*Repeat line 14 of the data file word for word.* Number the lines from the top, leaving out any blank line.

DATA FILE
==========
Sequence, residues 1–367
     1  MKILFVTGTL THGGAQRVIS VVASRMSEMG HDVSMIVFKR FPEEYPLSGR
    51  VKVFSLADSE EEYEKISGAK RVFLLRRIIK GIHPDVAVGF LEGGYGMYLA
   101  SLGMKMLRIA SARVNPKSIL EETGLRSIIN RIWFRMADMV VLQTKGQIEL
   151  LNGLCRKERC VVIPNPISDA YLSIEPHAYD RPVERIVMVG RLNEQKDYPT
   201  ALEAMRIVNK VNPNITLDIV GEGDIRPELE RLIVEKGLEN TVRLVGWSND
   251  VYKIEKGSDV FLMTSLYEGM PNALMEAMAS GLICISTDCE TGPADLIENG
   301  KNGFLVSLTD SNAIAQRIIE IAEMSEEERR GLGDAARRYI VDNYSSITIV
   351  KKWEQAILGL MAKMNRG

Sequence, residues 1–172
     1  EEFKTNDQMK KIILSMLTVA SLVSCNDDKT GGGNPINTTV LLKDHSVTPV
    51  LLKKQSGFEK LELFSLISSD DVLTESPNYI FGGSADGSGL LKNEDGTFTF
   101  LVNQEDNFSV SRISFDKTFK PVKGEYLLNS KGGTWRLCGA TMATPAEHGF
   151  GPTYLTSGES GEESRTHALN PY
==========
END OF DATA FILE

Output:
   151  GPTYLTSGES GEESRTHALN PY